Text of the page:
Blog: Oh, What a Night: Reactions to the 87th Academy Awards

John Travolta gets a little too apologetic with Idina Menzel in what was arguably one of the most uncomfortable moments at the 87th Academy Awards.

by Ken B.

First off, answers to the questions I asked at the end of my final predictions post:

  1. Something that would have been significantly more enjoyable had it been shorter or earlier in the show. She still killed it, regardless of time.
  2. Eh, about a six and a half.
  3. No.
  4. About 30 seconds in, no less.
  5. As far as I can tell. Didn’t happen though.
  6. The numbers went through the roof. One of my best looking traffic reports in months.

As for Neil Patrick Harris in the hosting position… what a letdown. I love the guy (who doesn’t), but I thought he really fell flat here. With a mildly promising opening number (“Moving Pictures”) behind him, NPH was stuck with reams of poor material and bad jokes, delivered at inopportune times and a fatally bad setup to a trick (the locked briefcase with his predictions) which had a payoff that was way too late in the night and way too unspectacular to be worthwhile. While it’s obvious that he was giving a real effort to keep the show going, it doesn’t help when you don’t have worthwhile content to start with (“best and the whitest” line notwithstanding). One of the arguably oddest bits of the night was a recreation of the Times Square scene in Birdman, which culminated in Harris walking onstage and introducing the next presenter in his underwear. Already feeling like a bad comedy sketch to begin with, the question becomes how much of the viewing audience actually saw Birdman and understood the reference? Assuming an average movie ticket price of $10, less than ten percent of roughly 35 million viewers in the United States.

Speaking of Birdman, it turns out I was wrong in thinking it would split Best Picture and Director with Boyhood. I’m surprised the Academy was able to avoid a split in a year this competitive. (Maybe part of my erroneus predictions were due to my personal opinion of the two films intruding my judgments in the races.) The show felt excruciatingly long this year, with Best Picture left a mystery until just after midnight on the East Coast. The bloat is becoming obvious. If AMPAS is listening, get new producers next year – while Neil Meron and Craig Zadan have had a good few years running the show, I don’t know about you, but I’m ready for a new creative team.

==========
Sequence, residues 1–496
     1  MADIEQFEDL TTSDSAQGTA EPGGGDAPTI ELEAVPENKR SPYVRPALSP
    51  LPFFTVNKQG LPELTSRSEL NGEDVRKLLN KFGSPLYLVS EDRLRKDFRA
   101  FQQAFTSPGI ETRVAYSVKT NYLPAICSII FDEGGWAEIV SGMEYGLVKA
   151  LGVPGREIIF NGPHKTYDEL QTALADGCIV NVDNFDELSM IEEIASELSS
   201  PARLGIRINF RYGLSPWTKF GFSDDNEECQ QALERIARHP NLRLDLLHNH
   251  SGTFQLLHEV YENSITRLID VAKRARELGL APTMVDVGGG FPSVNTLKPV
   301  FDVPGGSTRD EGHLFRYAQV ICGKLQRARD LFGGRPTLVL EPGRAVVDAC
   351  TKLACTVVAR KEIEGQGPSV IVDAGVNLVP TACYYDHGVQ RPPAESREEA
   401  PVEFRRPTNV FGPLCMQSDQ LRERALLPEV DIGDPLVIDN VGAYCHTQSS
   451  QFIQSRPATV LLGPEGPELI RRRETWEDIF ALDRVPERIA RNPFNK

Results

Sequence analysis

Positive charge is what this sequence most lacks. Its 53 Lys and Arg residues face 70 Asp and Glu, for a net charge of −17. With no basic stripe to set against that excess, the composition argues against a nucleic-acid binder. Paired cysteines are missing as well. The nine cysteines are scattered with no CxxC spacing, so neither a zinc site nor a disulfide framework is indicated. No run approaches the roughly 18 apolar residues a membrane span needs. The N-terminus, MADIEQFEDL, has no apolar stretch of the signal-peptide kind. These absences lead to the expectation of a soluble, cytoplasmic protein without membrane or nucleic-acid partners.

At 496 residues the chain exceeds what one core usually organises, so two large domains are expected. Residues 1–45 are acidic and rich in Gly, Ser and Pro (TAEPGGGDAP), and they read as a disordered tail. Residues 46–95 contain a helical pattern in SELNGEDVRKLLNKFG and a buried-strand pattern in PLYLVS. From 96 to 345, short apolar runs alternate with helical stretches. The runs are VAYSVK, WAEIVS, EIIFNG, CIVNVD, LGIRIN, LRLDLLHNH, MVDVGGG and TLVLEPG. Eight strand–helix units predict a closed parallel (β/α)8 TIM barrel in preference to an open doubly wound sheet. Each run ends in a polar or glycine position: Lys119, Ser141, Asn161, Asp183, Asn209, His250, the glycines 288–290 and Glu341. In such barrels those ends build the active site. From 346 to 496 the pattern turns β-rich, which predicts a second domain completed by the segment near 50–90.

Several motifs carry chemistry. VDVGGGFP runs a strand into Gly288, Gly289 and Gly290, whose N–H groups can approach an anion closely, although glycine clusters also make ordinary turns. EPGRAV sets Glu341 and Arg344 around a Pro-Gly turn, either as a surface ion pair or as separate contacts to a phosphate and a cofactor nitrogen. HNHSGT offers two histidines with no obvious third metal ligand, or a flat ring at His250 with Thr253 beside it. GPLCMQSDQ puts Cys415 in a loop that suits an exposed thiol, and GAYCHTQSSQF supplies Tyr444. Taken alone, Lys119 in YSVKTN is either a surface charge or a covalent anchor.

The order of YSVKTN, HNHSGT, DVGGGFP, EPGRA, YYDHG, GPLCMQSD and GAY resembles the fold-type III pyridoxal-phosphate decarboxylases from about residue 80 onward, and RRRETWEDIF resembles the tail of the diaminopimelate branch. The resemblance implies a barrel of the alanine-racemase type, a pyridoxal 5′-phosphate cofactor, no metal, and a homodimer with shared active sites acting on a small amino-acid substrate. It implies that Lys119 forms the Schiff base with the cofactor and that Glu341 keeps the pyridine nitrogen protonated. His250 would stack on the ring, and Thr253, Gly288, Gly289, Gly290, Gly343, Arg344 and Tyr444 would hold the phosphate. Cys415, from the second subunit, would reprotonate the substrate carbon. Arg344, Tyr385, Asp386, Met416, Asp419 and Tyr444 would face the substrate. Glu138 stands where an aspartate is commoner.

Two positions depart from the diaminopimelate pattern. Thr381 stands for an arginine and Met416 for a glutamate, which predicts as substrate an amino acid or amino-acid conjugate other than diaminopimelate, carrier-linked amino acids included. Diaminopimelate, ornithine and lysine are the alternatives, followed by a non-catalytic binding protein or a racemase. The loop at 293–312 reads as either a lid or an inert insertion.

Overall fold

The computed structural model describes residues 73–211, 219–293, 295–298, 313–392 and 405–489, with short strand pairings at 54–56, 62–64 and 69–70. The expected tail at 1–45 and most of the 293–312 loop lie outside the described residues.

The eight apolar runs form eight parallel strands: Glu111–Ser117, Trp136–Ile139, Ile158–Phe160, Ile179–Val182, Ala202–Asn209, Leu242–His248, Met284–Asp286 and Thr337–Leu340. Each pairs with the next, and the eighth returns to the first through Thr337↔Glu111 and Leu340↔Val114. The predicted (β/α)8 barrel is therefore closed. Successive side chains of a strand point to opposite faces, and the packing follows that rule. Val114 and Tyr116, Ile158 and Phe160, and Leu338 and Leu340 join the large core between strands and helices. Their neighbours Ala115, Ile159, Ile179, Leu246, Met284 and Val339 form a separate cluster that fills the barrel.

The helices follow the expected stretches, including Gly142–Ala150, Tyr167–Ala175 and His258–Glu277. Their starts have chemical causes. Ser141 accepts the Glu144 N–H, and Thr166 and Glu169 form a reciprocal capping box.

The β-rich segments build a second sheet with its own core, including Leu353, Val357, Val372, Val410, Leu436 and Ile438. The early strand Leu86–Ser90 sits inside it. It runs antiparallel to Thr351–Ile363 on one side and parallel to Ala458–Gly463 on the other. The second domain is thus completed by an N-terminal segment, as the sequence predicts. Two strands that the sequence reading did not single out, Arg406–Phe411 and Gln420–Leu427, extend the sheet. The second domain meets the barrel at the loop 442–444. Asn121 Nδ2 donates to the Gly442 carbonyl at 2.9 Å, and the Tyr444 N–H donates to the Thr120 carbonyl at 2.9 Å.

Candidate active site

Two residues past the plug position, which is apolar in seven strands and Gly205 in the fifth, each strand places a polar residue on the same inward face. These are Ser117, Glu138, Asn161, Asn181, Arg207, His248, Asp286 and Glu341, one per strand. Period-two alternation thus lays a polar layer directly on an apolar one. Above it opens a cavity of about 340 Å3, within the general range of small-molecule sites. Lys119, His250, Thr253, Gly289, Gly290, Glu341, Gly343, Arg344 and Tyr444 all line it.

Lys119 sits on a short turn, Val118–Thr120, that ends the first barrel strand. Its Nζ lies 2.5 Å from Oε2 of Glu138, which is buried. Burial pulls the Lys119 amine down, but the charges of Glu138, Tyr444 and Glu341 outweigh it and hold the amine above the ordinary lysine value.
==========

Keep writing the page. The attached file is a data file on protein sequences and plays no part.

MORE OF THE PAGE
There are, however, two things that I felt saved the show from being unredeemable – the acceptance speeches and the musical performances. As for the former, many of the winners had tasteful political comments (if such a thing as “tasteful politics” exists) – not so vague it wasn’t noteworthy, but not borderline obnoxious rabble rousing like a certain documentary winner from last decade. Patricia Arquette got the crowd on their feet with a call to close the wage gap, Alejandro G. Iñárritu slipped in some thoughts on immigration when accepting the Best Picture prize, Graham Moore spoke incredibly personal words that were arguably better than the script he just won the trophy for, and in John Legend and Common’s speech, following a chillingly effective performance of their winning song from Selma, a reiteration of the startling statistic that right now in America, there are more black men imprisoned than there ever were enslaved.

However, it doesn’t change the fact that regardless of how good (Lady Gaga’s The Sound of Music tribute) or bad (that headache inducing “Everything is Awesome” performance) they were, these performances are needless, and do nothing except stretch out the already too long runtime. My suggestions if I had executive control over a future Oscarcast? Cut the song after In Memoriam (what a roster this year – very saddening), cut the Best Original Song performances, cut any numbers or segments (exlcuding In Memoriam) that run longer than five minutes, move the short film presentations to one of the non-televised ceremonies and briefly recap them during the program (you could even move a couple other of the “low-tier” awards there too if you were feeling especially adventurous), and try a year where we eliminate the host – instead, have the announcer move things along while brief presentations and comedy bits are done by various guests invited to perform on the show. Maybe then we can scale this thing back to around 11:30.

But alas, no such luck will likely ever be pursued in the near future. The hosts and musical guests are vital parts of the core advertising for the Oscars. Oh well, it was worth asking. I guess we’ll do this all over again next year.

My prediction score: 17/24 (71%)
Best Picture announcement time: 12:04 A.M.

P.S.: Oh, wasn’t that bit where John Travolta started getting all touchy with Idina Menzel’s face (pictured above) while apologizing for last year’s pronunciation gaffe just the creepiest thing?